The love trade for gold is still on

Investors should have gained confidence from Ben Bernanke’s recent testimony to Congress that the Federal Reserve intends on being accommodative as long as needed. He had a laundry list of job market conditions that needed improving and reiterated that inflation remains low. It’s his belief that “a premature tightening of monetary policy could lead interest rates to rise temporarily but would also carry a substantial risk of slowing or ending the economic recovery and causing inflation to fall further.”

The Fed’s news is “great for all of us in stocks... and not so great for those with cash in a savings account, with real negative returns for the past four years,” reminded Money Map Press. Yet, at least in the short term, markets interpreted Bernanke’s testimony differently, as stocks dropped during the week of May 20.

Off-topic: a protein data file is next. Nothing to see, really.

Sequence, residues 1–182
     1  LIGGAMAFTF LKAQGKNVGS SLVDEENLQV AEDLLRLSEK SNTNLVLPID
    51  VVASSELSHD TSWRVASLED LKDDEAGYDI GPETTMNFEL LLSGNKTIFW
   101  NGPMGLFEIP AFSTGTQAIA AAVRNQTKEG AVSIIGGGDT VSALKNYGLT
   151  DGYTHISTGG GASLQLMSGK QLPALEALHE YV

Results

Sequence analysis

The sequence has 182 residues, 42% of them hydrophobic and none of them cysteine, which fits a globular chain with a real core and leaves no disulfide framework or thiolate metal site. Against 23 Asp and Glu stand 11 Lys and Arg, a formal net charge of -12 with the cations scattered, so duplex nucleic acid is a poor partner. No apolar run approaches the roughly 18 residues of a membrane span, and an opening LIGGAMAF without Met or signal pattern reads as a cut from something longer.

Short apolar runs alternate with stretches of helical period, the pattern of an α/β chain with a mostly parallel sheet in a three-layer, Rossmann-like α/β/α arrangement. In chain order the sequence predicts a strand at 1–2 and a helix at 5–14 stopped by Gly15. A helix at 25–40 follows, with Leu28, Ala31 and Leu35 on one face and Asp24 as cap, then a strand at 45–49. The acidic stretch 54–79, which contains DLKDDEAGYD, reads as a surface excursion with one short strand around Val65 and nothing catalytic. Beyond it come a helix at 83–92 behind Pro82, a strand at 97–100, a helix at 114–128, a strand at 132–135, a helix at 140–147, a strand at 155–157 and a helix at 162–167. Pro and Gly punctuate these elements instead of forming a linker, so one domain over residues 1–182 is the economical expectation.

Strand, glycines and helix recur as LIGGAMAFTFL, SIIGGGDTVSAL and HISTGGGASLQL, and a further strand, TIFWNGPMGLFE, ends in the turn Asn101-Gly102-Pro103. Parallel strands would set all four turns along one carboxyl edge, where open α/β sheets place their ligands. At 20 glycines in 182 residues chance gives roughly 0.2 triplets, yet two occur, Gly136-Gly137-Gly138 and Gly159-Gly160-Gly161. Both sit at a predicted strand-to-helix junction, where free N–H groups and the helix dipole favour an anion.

The news should also be good for gold investors. Not only is the Fed maintaining its course, the world is also continuing its synchronized easing. According to Deutsche Bank, central banks representing almost 30% of global GDP are cutting rates.

The rate cuts are spread out over nearly every continent, as you can see on this great visual posted by Business Insider. Turkey’s central bank cut its benchmark interest rate more than expected in April by 50 basis points and then another 50 basis points in May. Serbia also slashed rates by 50 basis points, as did Sri Lanka. Even the European central bank reduced its main rate to a record low 0.50%. According to Bloomberg, ECB President Mario Draghi is “promising to provide as much liquidity as Eurozone banks need well into next year.”

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